Lastly, after three years of use the front TV failed. I then decided to upgrade to Sony Bravia LCD TVs that were HD capable as well as switch over to Blu-ray players. I also wanted to eliminate the batwing antenna on the roof. We don't watch off-air TV all that much and having to deal with cranking up and aiming the antenna just wasn't very convenient so we installed an omni directional unit instead.


The Solutions

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The first thing to tackle was the depth situation in the front DVD player cabinet so that I could install my DirecTV DVR. The rear bedroom TV was fairly simple - I could make my own shelf and mount it underneath the TV cabinet and place my bedroom DVR in there. That way I could forgo using the upper cabinet, which was too small and better suited for storage anyway.

The front cabinet was a little more problematic. Part of the issue was that the coax cable that connected to the black junction panel stuck out an inch or two before they could bend. That in itself ate up 2" of room behind the DVR. So I removed the black panel to see how I could gain some space. I found that the top half of that area was fairly deep, and was part of the area behind the deeper upper shelf. The bottom half was not very deep because the cabinet was made shallow at that point so that the cockpit side shade mechanisms had room when retracted. However, that back partition extended up an inch more than it needed to. I reasoned that if I cut off that extra inch I would have enough depth to fit the tail of the DVR into that area.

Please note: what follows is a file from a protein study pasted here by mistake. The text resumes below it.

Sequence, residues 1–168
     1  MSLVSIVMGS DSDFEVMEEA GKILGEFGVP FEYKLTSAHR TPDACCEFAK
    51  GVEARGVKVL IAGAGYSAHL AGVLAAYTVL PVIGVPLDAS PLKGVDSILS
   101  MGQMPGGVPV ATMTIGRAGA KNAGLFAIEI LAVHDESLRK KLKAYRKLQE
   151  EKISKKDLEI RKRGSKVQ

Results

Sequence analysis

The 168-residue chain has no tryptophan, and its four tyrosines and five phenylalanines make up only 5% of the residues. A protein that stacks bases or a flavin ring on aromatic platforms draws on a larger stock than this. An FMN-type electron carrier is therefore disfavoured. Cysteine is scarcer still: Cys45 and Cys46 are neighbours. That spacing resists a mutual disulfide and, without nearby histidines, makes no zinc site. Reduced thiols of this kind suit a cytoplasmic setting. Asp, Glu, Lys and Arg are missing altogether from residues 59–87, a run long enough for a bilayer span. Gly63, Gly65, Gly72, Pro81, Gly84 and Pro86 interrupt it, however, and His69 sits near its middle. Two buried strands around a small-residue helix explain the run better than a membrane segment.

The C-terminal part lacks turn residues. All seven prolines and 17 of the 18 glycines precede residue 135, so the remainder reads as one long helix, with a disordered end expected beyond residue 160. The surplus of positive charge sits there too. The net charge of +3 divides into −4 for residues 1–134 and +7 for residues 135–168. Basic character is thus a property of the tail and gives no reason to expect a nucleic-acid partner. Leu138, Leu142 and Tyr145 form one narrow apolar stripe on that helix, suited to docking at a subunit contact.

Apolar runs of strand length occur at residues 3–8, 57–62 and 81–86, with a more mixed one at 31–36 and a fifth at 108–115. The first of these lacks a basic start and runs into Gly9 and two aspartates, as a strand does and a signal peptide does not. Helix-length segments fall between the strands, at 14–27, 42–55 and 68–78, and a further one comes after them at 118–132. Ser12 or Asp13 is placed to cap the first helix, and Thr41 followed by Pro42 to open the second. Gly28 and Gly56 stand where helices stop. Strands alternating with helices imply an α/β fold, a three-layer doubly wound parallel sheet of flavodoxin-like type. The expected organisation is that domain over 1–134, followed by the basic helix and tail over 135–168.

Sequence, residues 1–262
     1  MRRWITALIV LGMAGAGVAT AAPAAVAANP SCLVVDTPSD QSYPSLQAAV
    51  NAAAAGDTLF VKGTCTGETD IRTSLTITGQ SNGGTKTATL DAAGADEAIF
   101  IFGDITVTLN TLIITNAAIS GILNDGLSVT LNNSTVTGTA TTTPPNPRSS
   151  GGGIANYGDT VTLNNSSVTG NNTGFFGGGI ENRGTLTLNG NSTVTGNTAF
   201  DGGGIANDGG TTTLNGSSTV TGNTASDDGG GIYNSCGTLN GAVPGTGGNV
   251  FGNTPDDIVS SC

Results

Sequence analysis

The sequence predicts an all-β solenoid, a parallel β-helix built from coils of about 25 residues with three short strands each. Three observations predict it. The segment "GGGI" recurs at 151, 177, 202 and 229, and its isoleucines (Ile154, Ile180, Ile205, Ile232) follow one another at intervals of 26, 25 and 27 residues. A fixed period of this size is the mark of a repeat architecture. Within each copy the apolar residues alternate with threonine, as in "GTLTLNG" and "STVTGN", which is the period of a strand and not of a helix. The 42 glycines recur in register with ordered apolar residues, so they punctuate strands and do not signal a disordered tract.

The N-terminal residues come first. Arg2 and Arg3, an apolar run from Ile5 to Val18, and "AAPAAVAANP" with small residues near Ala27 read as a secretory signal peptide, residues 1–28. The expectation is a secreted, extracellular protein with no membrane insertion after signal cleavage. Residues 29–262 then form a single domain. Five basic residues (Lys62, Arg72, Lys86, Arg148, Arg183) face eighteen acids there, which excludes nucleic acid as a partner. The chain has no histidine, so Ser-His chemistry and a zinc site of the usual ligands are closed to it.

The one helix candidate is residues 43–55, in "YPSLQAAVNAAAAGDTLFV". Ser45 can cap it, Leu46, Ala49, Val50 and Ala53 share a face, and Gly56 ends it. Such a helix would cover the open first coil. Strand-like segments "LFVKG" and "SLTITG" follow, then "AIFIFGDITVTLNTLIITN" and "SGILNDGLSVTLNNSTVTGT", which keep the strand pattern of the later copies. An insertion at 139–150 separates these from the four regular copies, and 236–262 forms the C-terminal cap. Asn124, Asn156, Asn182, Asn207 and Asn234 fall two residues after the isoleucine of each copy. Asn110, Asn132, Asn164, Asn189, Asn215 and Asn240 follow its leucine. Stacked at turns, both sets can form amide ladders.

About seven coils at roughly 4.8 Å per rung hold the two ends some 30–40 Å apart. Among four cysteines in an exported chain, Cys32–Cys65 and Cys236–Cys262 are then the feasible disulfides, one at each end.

The first step was to relocate the two electrical outlets previously installed in the black panel to the top half of the cabinet. I did this by replacing them with surface mount receptacles that I mounted on the back wall, just above and behind the DVD player. That was easy enough. Next I removed the coax lines from the backside of the black panel and ditched the panel. I would then connect these cables to the proper connections on the DVR or video selector switch. The only time I would ever need to remove any of them is if I removed the DVR from the coach so the panel really wasn't necessary. I then used a jig saw to remove the extra 1" of height from the back wall so that I had enough cavity height to allow the tail of the DVR to fit into that space.

The second step was to build a cherry shelf to support the DVR. Because the cavity was only open near the top of the opening it wouldn't be possible to set the DVR on the cabinet's floor so it needed to be raised up so that the tail could stick into the deeper cavity. Once finished, the DVR slid right into place and I connected the various A/V wires and cables to it. I also relocated the selector switch to the upper cabinet and Velcro'd it to the top of the DVD player. This leaves me enough room for a VCR underneath the DVR should I decide to add it later or else just a spot for remote controls and DVDs. The results are pictured above.